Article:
Blank-check companies are getting their own exchange-traded fund.
Regulators recently greenlighted the launch of the Defiance NextGen SPAC Derived ETF, which is expected to start trading Thursday. The fund, which will debut under the ticker symbol SPAK, is looking to capitalize on the sudden boom in special-purpose acquisition vehicles, whose purpose is to acquire companies and bring them into the publicly traded stock market.
Blank-check companies, which are also known as SPACs, have become popular on Wall Street this year, facilitating mergers with buzzy companies such as sports-betting operator DraftKings Inc. So far this year, 115 blank-check companies have raised nearly $43 billion, according to data provider Dealogic. That is more than double the amount that SPACs raised last year and on par with all of the money those companies brought in between 2015 and 2019.
With dozens of blank-check companies prowling for an acquisition, ETF issuer Defiance ETFs LLC aims to take the guesswork out of the equation for investors by giving them a broad taste of those companies, said Matthew Bielski, the firm’s chief executive.
“SPACs can be very complicated for individual investors,” Mr. Bielski said, referring to instances where investors in blank-check companies get a combination of shares and warrants. “ETFs are the best way to get exposure to that.”
Defiance’s new ETF will allocate 80% of its weighting toward companies that have already gone public through SPACs, including DraftKings, whose shares have risen more than five times so far this year, and Virgin Galactic Holdings Inc., which is up 66%. The remaining 20% of the fund will go toward blank-check companies that continue to hunt for acquisitions, Mr. Bielski said.
Proponents of SPACs say they offer a simpler route to public markets than a traditional initial public offering. A SPAC transaction can be completed in a matter of months, compared with an IPO underwritten by banks that often takes longer and can leave companies exposed to market volatility, experts said.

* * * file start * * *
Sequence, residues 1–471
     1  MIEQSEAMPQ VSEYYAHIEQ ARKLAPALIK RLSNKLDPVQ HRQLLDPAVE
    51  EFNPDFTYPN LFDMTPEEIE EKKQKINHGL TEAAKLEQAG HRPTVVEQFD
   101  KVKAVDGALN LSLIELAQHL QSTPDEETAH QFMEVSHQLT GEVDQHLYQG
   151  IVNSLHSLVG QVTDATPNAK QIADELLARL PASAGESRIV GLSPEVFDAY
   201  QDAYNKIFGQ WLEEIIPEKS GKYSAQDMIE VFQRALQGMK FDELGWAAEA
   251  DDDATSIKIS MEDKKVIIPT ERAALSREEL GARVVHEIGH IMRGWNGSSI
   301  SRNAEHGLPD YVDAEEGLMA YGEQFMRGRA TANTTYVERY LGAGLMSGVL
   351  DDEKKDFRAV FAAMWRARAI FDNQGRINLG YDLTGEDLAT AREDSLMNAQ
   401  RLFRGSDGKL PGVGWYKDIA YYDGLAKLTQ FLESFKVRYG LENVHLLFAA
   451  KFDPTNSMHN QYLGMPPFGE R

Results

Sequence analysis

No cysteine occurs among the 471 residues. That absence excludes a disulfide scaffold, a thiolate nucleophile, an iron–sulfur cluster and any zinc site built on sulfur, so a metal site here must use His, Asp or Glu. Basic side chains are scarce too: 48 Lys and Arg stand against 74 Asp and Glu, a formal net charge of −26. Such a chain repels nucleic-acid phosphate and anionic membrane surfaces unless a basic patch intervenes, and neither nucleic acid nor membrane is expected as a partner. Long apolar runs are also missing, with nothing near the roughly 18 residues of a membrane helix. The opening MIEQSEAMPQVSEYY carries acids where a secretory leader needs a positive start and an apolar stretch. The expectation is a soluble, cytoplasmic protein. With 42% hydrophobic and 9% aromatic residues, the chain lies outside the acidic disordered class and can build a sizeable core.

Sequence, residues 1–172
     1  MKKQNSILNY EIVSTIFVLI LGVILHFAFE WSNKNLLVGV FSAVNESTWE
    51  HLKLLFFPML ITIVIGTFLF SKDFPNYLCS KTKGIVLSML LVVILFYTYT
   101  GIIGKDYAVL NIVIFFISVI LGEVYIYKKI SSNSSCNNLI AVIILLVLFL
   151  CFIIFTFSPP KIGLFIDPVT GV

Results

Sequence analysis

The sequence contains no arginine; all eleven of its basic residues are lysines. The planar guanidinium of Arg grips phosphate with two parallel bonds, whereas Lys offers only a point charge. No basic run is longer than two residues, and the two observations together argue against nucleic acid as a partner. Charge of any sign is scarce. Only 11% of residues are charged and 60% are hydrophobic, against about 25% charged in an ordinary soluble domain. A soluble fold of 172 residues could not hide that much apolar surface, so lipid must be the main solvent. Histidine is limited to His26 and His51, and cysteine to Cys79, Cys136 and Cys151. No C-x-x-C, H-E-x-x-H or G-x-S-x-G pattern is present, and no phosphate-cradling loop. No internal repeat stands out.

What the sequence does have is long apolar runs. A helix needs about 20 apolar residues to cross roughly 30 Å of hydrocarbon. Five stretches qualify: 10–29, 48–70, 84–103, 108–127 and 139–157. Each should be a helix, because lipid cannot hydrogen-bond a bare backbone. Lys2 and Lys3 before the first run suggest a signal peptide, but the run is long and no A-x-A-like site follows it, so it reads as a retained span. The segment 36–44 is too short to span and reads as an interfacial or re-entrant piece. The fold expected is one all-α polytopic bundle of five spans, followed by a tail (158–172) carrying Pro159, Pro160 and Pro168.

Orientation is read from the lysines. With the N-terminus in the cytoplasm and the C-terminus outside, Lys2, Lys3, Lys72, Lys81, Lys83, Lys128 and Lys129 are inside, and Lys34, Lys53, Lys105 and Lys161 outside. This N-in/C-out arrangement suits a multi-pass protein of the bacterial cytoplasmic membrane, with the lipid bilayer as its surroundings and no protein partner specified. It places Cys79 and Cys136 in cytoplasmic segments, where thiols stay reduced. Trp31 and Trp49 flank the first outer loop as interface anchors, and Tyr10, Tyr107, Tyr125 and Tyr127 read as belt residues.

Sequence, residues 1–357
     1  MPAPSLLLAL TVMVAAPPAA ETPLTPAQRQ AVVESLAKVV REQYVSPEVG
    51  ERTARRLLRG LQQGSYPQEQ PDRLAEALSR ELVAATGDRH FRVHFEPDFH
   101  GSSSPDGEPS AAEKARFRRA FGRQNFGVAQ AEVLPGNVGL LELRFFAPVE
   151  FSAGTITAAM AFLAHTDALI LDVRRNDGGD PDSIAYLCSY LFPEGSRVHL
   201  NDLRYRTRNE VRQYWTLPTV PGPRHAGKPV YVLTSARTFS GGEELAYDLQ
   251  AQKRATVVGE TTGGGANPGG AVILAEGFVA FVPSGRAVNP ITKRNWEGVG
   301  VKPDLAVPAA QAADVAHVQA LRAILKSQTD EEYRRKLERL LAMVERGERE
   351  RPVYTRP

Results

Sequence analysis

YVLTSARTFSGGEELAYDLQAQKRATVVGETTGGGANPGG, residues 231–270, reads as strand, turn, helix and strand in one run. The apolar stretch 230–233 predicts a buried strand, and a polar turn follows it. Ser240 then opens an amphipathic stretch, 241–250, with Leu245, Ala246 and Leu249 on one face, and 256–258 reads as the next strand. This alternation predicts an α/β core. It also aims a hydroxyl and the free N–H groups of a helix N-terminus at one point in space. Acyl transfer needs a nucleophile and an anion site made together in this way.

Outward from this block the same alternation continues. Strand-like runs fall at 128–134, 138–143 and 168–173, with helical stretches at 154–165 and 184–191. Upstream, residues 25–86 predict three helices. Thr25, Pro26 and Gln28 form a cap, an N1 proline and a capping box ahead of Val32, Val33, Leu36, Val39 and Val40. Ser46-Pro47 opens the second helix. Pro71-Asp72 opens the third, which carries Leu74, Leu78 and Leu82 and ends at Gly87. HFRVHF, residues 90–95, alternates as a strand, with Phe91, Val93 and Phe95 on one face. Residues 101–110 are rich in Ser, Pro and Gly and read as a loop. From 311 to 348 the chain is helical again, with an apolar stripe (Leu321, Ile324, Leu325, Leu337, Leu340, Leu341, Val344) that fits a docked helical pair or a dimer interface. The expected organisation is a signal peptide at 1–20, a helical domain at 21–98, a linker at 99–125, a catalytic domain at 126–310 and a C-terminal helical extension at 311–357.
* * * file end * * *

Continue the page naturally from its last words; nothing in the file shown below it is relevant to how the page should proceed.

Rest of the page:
But critics say companies that list through a SPAC receive less scrutiny than those that opt for the traditional IPO route, potentially leaving investors exposed to problems down the road. Electric-truck startup Nikola Corp. , for example, surged after going public through a SPAC deal, only to fall more than 70% over the past three months amid allegations of fraud.
Private companies are flooding into special-purpose acquisition companies, or SPACs, to bypass the traditional IPO process and gain a public listing. WSJ explains why some critics say investing in these so-called blank-check companies isn’t worth the risk.
The Defiance ETF aims to hedge its exposure to problematic SPACs by removing companies that fall under government investigation, such as Nikola, said Mr. Bielski. He said the fund carries a 0.45% management fee.
Defiance is launching the fund as its flagship ETF, the Defiance Next Gen Connectivity ETF, surpassed more than $500 million in assets since its early 2019 inception. Still, success isn’t guaranteed as many new ETFs fail to cross the $100 million mark within their first three years of existence, typically leading them to close.
Helping Defiance is the fact that it appears to be the first issuer to launch a dedicated SPAC ETF in the U.S. More could follow after a benchmark tracking blank-check companies, the IPOX SPAC Index, went live over the summer, giving other issuers something to hitch to funds.